There is a something about him, you know not what it is, that betrays his profession in a moment. It is not that he wears his hat to the one side or to the other; it is not that his coat is a good, a bad, or an indifferent one, although the coat and the hat could belong to no other person, for they positively smack of the foot-lights: these things do not single out the man; they are helps, no doubt, but you must be convinced that he is an actor, from a glance at his face, before you allow the coat and the hat to intrude themselves upon your notice. His cheeks are tough, and his face altogether seems weatherbeaten; but look a little closer, and you must see that the poor man never smelt salt water in his life; that brazen-face of his was acquired somewhere about the side-wings.
His appearance on the street fills up, to a hair's-breadth, the notion you had formed, from reading the older essayists, of a broken-down rake. You call up in imagination the nights of frolic and madness, of dissipation and debauchery, that have given to his eyes their peculiar, wild, twinkling expression, and that have assisted, along, no doubt, with other causes, in making his dress thread-bare; you think of the rattling company he used to keep, before he fell down in the world; you are not over-well pleased, neither, to see him look as if he had found out, to his cost, that this is but an ungrateful generation. But here you must stop. The actor never was a rake—never was a gentleman—never was a blackguard. True, he has drunk pretty hard in his day, but he never quarrelled about the flavours of champaign or burgundy; he was pretty well content to have a drop good glenlivet. No doubt he has gambled also before this time of day, but the stakes were never very deep, perhaps a penny each game. Then, as to his love affairs, everybody knows, that, off the stage, he cares for no particular woman more than another. If he makes love at all, it is to a cook or a bar-maid; his love is of the pudding order. He is not a rake then, we see; he only looks like one; he is but an ill-drawn caricature of that character.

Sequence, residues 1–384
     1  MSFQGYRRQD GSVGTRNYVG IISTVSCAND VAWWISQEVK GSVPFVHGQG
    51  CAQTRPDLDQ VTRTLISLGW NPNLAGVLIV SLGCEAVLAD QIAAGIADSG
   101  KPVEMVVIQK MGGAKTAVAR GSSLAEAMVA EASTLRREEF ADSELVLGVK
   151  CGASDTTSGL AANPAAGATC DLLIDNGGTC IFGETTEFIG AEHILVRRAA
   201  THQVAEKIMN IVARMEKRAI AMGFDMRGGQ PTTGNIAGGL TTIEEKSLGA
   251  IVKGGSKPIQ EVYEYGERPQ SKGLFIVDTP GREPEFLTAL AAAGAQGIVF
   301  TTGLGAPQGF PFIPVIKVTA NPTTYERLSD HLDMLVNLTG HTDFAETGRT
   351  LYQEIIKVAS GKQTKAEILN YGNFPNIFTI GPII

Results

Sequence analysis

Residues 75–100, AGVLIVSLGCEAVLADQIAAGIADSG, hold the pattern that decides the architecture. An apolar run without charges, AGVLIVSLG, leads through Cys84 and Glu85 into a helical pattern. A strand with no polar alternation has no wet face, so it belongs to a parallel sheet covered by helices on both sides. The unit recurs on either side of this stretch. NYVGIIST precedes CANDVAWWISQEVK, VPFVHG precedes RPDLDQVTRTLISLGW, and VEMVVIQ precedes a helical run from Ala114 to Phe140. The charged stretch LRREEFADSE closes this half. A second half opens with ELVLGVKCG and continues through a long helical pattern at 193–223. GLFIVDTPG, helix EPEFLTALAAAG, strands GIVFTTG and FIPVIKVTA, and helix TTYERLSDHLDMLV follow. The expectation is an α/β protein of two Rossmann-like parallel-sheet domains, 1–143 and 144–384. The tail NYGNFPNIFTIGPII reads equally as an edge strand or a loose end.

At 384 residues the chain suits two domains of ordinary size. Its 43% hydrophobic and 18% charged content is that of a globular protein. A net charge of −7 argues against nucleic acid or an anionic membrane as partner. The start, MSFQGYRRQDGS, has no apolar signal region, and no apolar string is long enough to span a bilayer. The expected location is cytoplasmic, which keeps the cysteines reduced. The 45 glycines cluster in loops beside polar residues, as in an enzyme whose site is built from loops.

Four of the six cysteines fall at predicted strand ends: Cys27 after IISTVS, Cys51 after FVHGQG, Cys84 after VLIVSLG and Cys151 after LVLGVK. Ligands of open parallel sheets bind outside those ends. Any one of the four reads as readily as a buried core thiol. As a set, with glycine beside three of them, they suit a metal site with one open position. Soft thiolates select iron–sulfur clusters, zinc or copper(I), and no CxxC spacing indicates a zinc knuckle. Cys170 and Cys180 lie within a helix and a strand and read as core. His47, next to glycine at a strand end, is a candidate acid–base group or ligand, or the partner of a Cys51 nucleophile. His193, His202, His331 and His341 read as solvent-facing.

It is not every one that can enjoy an actor's society, for he talks of nothing but his own business, and the men and things connected with it It is tedious, to a sensible, matter-of-fact man, to hear one talking of what are, after all, mere trifles, as if they were affairs of the first consequence. The theatre is a trifle; its side-wings, its scenery, the dresses and decorations, nay, every thing connected with it, is but a trifle; all is hollow—the mere imitation,—and, be it remarked, an imitation that can deceive no one, even for a moment, of something real; of something that is or has been. But the poor actor forgets this; he does not seem to be aware of the fact. He never for a moment suspects that we see through all his little arts. Were we to tell him, that we would much rather hear him, in his ordinary dress, read an author, and read him coolly, and calmly, and sensibly, than hear him, in his wig, his tunic, his tights, his boots, and all the other little et ceteras, utter the same words after his own fashion, he would laugh at us; he would wonder at our want of taste and sense. He cannot act, for he does not know what acting is, or what it ought to be, just because a sword-belt, a Vandyke, or a touch of red paint, is of more consequence to him than the meaning of his author. He judges of the talent of his brethren by their attention to these matters. To have the words of a part correctly on the memory is a great thing with him; he talks of his tremendous study, and insists that in such and such a piece he was dead perfect. If he should at any time be put out by a brother performer, he fumes and blusters, and tells his friend that he does not know a single line of his part; he never told him in his life, though, that he knew not the meaning of the part.